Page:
Mexican officials increasingly depend on charity from emigrants to fill Mexico’s gap in social spending, the Los Angeles Times reported on June 8.
An increasing number of emigrants are joining together into nonprofit clubs that funnel money to community projects in their hometowns. The number of hometown clubs has doubled in the last decade, to a total of about 1,500.
The state of Zacatecas, which has lost one-third of its population to emigration, receives an astounding $1 million in remittances a day — 166 percent more than the Mexican federal government spends there.
Zacatecan clubs in America have supported about 350 community projects since 1992. The state government boosts emigrant charity by offering matching government funds, a strategy that is spreading to other states.
Mexican officials are pushing clubs to invest not only in philanthropic programs but also in so-called proyectos productivos, projects that generate jobs.
Some say such projects will ultimately reduce emigration and make regions less dependent upon money sent from America. Proyectos productivos could also counteract some of the distorting effects – inflation, higher land prices – of remittance money, Pablo Serrano told the Times. Serrano is the head of social development at the United Nations’ Economic Commission for Latin America and the Caribbean.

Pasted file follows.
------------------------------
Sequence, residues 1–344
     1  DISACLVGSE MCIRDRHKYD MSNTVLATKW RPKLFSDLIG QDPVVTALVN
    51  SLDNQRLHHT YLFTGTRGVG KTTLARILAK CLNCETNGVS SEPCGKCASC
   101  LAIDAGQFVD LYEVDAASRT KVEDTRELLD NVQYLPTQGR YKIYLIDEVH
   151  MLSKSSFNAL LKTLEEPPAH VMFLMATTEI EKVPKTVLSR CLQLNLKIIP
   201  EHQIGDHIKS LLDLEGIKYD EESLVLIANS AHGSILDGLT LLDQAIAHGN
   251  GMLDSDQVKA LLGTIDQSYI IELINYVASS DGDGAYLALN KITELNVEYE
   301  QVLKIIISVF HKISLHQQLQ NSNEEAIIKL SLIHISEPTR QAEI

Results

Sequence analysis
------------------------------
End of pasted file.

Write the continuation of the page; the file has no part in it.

Mexican consulates across the U.S. encourage emigrants to form charitable clubs to support their hometowns, said Jose Antonio Larios, community affairs chief at the Mexican consulate in Los Angeles.
For full text, go to the Los Angeles Times.